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Data Center

Investing in Data Centers? Throw Out Your RE Playbook. And Your PE Playbook, Too

In the fiercely competitive data center (DC) investment landscape and the new playbook of DC investing, mastering three critical pillars—platform, real estate, and energy—is essential.  Financial investors looking to deploy meaningful capital in DCs need to stand out from lesser-equipped, lesser-informed and narrower-minded investors who are also looking at DCs, but who will lose out on opportunities to those who are more comfortable with DC market practices. To put it bluntly, investors who execute transactions through a typical real estate (RE) lens or private equity (PE) playbook are already a generation behind.


At the core of any successful DC investment lies a robust platform. To the extent an investor does not want or cannot afford to go it alone given the capital intensive nature of the sector, platforms involve structuring ventures with cutting-edge JV and governance standards, and incentivizing management teams with performance-based and profit-sharing arrangements. High-performing DC management teams are making increasing demands on sponsors beyond those we customarily design, including requesting flexibility to pursue adjacent investment strategies outside core platforms. We frankly see no sector with greater balance of power towards management teams than we now see in DCs – so investors well prepared (and willing to think outside the box) to navigate these waters will be well-served.

Brian Gingold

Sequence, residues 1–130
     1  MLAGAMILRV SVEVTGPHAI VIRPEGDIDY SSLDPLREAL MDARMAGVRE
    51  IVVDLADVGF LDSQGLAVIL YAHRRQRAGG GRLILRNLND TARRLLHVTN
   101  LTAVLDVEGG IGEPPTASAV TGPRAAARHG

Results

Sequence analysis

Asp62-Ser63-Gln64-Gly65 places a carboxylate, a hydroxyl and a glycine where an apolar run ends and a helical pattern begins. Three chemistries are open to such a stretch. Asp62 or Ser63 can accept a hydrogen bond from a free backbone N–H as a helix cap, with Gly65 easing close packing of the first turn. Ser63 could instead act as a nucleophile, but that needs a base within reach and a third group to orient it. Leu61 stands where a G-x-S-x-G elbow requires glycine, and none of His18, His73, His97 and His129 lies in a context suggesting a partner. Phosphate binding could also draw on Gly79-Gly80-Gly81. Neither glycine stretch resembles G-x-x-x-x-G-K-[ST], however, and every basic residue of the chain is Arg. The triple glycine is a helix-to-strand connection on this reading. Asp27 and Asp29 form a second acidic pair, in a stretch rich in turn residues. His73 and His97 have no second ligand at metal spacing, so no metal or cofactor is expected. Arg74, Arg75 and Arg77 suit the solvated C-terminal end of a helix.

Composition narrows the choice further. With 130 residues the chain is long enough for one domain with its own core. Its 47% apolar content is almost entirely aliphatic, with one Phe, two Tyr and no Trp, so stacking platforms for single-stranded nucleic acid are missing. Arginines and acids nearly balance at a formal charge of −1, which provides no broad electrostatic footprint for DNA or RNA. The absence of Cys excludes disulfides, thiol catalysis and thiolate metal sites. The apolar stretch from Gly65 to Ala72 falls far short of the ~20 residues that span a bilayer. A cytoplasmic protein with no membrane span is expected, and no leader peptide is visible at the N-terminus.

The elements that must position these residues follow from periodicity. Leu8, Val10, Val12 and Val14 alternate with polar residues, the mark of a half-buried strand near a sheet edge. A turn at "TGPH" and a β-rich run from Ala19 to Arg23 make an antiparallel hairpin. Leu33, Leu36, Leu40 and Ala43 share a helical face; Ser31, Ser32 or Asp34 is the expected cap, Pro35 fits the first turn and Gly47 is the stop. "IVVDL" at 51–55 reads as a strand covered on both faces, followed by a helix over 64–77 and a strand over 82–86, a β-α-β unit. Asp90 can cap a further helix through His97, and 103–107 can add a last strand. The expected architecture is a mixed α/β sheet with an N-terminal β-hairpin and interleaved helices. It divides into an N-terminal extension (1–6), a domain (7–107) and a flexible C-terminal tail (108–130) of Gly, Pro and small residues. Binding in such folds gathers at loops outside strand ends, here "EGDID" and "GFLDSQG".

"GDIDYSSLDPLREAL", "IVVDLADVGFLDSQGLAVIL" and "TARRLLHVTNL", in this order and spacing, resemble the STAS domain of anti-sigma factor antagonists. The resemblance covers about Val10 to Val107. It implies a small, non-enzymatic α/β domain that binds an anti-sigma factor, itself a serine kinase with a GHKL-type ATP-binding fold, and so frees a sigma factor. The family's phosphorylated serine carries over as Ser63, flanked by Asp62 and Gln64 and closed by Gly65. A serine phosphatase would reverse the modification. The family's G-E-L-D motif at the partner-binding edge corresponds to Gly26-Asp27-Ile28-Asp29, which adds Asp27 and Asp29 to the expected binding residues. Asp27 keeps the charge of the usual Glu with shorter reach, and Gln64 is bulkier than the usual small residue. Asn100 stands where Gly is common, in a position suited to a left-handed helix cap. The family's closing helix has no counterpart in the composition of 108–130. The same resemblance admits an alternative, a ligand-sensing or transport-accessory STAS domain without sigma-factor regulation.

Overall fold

Brian Gingold

A well-structured and durable platform that stands the test of strategic transactions, and that has flexibility to adapt to new demands and increased capital requirements (including for example, DC joint ventures and platforms that become fund-like over time), will ensure stability and align stakeholders toward a common objective.  What is the lesson here? Don’t be bogged down by traditional structures, think creatively with your partners and management to create arrangements that permit new opportunities and growth, adapt to changes in the industry and incentivize management to take on risk and pursue development and partnerships as new opportunities emerge.

Real Estate

DCs have historically been viewed as brick-and-mortar RE investments (with a power supply and data connectively arrangement). With the influx of global capital and sophisticated sponsors, the RE component is now more critical than ever. Strong underwriting requires excellence in site selection, development, and leasing. Optimal site selection involves choosing locations with superior connectivity, security, and scalability (in addition to stable power, discussed below). Developing state-of-the-art facilities that meet industry standards for cooling, power, and security is essential to attract premium tenants willing to pay for reliability and performance. Devising flexible leasing structures that accommodate tenant growth, while securing long-term commitments, is paramount to stabilize revenue streams and enhance investment profiles.

Recent trends include integrating call and put rights on projects, allowing premium tenants to treat DC platforms as long-term off-balance-sheet financiers of this component of their business -- which fills a strategic and immediate need for capacity growth.